“Are you going to kill me?” She asked in a snarl, teeth gritted together. I shook my head.

“No. I’m not. I’m going to end this, all of it.” And I closed my eyes, took in a huge breath, and filled myself with moonlight. Beams of beautiful, night air whirled around me in a cyclone, blowing my hair and dress. I willed the air to be stronger, to blow away the evil in the Shadow, to rid it of its darkness and evil. I felt every fiber of my being go into the night air, shoved my breath and life into the whirlwind. The moonlight was filling me, and I was filling the wind, and then, faster than it had even begun, it stopped abruptly.

I opened my eyes. When I looked down at where the Shadow had been there was nothing but a pile of gray ash.

You did well, Leila. The night whispered. I have taken this Shadow and sent it back to where it was before. We do not kill, my daughter, but we do not believe that the Shadows should be free. Go, help your friend. I shall speak to you again another night. For now, rest.

The power the night had given me vanished. I fell, gasping for air, feeling weaker than I ever had before. Panting, I crawled over to where Hannah was. She was murmuring softly, dreaming.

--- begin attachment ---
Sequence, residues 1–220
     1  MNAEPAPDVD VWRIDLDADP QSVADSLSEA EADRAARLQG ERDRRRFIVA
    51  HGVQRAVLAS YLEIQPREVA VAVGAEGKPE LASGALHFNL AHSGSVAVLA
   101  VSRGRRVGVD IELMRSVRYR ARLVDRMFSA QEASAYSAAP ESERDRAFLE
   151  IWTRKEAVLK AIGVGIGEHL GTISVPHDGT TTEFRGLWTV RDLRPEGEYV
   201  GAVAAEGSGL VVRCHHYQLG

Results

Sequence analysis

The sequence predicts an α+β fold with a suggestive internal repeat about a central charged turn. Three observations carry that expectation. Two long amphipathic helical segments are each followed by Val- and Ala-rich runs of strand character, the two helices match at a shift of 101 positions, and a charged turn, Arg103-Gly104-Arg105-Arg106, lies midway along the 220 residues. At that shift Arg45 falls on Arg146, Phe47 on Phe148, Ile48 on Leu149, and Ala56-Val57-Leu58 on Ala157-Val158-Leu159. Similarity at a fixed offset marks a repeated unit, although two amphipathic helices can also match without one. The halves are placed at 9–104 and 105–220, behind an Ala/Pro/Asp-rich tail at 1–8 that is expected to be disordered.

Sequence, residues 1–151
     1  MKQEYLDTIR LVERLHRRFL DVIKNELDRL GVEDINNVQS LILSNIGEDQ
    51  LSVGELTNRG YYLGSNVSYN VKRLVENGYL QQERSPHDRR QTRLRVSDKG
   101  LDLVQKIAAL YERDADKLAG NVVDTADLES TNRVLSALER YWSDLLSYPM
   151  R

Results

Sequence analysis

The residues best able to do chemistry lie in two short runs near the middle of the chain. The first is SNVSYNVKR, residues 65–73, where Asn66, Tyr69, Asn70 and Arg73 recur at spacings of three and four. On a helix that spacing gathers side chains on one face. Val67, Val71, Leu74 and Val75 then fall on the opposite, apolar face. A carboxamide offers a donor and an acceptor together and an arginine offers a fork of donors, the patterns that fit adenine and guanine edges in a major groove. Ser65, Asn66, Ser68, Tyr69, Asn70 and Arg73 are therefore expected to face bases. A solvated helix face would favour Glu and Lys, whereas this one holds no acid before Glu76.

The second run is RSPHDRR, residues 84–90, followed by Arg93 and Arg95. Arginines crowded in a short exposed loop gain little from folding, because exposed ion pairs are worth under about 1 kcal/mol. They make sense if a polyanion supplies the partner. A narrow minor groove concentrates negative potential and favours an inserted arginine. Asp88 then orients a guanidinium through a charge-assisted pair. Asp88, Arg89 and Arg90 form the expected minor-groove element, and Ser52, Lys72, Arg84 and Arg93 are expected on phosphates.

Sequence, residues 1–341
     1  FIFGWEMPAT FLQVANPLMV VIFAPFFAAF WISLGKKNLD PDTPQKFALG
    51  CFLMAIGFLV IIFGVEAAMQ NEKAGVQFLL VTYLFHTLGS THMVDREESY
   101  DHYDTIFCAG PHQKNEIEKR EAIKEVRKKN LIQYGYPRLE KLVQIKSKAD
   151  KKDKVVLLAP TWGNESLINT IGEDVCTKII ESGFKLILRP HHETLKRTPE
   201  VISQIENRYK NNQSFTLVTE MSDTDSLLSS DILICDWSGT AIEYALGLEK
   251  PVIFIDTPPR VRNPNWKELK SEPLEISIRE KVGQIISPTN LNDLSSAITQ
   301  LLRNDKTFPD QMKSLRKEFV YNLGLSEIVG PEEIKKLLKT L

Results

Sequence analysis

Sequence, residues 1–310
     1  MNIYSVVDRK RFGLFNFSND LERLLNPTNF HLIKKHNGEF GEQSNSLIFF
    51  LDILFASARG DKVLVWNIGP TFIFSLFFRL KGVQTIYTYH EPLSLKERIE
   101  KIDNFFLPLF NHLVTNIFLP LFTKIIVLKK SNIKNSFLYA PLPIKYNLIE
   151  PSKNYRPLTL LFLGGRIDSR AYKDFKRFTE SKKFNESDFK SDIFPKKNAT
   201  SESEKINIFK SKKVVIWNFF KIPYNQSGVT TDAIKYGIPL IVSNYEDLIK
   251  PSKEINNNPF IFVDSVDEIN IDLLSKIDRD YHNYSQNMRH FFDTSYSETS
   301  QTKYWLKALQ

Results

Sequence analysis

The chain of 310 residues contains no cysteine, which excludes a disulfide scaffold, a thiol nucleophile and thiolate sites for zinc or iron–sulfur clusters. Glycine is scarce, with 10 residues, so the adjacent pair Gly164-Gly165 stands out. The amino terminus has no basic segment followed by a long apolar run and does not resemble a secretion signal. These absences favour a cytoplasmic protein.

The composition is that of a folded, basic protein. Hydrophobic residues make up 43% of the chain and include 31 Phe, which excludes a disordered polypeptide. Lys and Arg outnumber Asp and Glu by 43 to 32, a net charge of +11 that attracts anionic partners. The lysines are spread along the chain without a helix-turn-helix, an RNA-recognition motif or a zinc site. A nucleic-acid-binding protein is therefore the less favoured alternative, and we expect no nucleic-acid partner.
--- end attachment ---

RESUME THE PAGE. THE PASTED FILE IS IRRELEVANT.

“Hannah! Wake up!” I breathed. Slowly her lashes fluttered, and I saw her blue eyes.

“Leila! What happened to you? You look awful.” She smiled, and just seeing her happy brought tears of pure joy into my eyes. “In fact, what happened to me? Weren’t we in the diner?” She asked, confused. “Why are we…here? And where is here?”

I grinned at Hannah and helped her up.

“Don’t worry,” I smiled. “I’ll fill you in later. It’s a pretty long story.” I took her hand, just like I had taken the old woman’s hand, and we stood and to walk out of the maze.

The night was surrounding me, the air cool on my cheek. Slowly, I looked up at the moon, gratitude filling me.

“Thank you,” I whispered, and turned to face the darkness ahead.

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This book has 1 comment.

dofjfjf said...
on Nov. 9 2011 at 11:29 am
dofjfjf, Hp, Tennessee
0 articles 0 photos 5 comments
a little shor but it was a ok story